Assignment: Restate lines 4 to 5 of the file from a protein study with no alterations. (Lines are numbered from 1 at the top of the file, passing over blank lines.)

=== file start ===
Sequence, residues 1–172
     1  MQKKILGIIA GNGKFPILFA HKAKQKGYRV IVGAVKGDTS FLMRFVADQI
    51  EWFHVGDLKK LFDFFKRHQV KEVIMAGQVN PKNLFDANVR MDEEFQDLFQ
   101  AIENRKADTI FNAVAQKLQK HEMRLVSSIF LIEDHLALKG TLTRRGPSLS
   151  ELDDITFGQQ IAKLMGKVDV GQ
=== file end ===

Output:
   101  AIENRKADTI FNAVAQKLQK HEMRLVSSIF LIEDHLALKG TLTRRGPSLS
   151  ELDDITFGQQ IAKLMGKVDV GQ